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5uu's - 5UU's & The Motor Totemist Guild: Elements CD (album) cover





3.55 | 17 ratings

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Sean Trane
Special Collaborator
Prog Folk
4 stars What a difference this album makes over their early Marduk album. Having dropped one of their guitarist (Coleman) for another keyboard player (Sanjay Kumar that will also be on the U Totem records) is not the only reason: Wilson's vocals have also changed for the better, dropping that early 80's new wave tone, and sounding much more RIO. The addition of the Motor Totemist Guild is an incredible up-value for the album. Indeed, the Guild is made up of multi-instrumentalist Grigsby, Emily Hay on flute, cellist Heninger and windplayer Johnston. Other guests include amongst others bassoonist Johnson.

Indeed the music has not only darkened and become more serious (but not losing a certain sense of humour), more severe and tighter, but one can sense Univers Zero and Present's influence clearly in this album. Not to say that the Henry Cow legacy influence is absent far from it, but there is a clear evening out between the UK and Belgian schools of thoughts. Starting with Ignominies, you just hear the oppressive march so Present that it seems to overshadow most everything else.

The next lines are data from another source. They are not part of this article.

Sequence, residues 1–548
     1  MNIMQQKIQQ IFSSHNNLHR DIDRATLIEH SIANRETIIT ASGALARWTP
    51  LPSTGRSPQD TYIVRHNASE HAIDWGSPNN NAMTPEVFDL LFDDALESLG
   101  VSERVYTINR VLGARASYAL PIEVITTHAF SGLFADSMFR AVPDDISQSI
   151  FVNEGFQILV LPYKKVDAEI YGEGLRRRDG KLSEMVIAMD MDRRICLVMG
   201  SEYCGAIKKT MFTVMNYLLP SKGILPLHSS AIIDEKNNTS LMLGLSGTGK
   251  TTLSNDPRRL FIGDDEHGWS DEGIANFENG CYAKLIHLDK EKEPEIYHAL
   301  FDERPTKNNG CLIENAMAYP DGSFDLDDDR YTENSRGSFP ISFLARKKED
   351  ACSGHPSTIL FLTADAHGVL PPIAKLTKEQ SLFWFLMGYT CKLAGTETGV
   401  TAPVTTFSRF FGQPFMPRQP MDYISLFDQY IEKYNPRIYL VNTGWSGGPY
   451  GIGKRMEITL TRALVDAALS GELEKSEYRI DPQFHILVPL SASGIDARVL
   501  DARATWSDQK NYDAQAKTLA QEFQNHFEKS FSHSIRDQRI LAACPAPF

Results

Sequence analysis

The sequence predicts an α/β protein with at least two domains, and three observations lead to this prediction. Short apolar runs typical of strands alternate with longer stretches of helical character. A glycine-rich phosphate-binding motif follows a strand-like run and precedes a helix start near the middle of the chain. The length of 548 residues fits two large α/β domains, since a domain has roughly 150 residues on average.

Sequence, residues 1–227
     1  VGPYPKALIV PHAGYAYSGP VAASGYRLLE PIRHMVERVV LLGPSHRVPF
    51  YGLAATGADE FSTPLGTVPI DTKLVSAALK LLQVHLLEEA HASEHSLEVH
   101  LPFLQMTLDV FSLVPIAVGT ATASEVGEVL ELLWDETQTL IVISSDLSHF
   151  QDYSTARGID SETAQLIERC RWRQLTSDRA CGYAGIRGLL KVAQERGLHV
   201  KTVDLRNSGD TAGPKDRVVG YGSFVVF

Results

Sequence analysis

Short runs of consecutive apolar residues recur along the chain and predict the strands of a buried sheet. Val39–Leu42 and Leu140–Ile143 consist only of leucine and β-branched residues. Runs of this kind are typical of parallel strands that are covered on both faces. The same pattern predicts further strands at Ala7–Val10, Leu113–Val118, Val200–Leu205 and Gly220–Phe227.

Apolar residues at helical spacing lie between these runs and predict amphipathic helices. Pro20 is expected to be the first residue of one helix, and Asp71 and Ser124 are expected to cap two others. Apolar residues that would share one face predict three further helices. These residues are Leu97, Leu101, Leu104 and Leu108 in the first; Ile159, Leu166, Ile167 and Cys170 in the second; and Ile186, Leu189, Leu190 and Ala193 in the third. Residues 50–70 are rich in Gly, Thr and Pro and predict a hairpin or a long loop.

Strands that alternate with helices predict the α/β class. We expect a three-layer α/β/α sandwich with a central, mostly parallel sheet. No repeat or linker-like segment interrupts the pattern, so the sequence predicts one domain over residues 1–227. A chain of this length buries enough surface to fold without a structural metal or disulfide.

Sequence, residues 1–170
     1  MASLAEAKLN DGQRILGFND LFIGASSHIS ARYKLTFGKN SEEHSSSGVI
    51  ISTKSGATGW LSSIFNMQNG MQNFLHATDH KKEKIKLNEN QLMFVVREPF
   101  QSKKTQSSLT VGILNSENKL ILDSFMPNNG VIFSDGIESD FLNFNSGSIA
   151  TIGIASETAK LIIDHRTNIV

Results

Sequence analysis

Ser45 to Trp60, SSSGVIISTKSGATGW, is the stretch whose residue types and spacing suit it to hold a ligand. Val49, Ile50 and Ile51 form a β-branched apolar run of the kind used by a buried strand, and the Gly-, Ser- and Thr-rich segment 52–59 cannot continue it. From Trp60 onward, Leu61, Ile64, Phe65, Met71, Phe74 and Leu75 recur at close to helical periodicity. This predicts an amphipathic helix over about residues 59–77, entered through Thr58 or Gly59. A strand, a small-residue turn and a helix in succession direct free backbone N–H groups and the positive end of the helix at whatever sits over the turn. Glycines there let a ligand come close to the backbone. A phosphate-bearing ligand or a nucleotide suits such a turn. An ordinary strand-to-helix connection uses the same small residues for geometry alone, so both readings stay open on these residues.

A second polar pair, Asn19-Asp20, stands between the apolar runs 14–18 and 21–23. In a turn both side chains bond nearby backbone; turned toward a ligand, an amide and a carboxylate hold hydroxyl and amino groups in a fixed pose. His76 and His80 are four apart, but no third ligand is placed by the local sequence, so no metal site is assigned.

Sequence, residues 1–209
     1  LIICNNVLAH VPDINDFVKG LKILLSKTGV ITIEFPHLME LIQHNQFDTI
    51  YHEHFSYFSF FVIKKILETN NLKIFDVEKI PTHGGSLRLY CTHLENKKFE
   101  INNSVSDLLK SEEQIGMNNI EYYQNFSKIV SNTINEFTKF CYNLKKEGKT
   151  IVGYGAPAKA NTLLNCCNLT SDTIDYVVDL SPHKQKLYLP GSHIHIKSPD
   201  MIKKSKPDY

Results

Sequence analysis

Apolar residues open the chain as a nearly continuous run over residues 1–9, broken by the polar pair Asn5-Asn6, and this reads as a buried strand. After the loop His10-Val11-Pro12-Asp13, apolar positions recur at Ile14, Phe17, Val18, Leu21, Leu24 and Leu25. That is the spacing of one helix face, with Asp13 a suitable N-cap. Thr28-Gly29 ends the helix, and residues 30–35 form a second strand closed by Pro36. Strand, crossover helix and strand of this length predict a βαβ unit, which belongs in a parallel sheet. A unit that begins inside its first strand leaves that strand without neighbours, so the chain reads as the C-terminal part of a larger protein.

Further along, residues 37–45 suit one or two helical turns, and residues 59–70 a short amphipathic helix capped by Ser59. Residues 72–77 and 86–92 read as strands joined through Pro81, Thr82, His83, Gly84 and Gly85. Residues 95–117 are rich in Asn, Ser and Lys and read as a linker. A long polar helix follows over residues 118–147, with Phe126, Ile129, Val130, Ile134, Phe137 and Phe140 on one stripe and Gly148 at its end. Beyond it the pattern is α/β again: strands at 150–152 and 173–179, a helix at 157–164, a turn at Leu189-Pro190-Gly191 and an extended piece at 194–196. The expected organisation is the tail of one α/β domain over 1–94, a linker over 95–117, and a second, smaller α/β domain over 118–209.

The short title track reaches an apex in oppressiveness, but the apex is reached in the coming In Life's Hands, where there is even a bit of Zappa's attempts at Kobaian choirs, the whole thing chased by a dissonant sax, before a Keith Tippet-like piano changes the plot all over again. Some tracks are just so solemn in the way they advance methodically, trampling systematically every inch of your sanity, but still doing it with enough humour such as the elephant squeals in the background of Futility Of Oneness, which makes an excellent finale.

Clearly this album Elements will sound much more like U Totem's first album "avant-la-lettre", rather than a typical 5UU's album, partly because of Sanjay and the Totemist's presence, but also because the songwriting is much more advanced than in their Marduk album.

Sean Trane | 4/5 |


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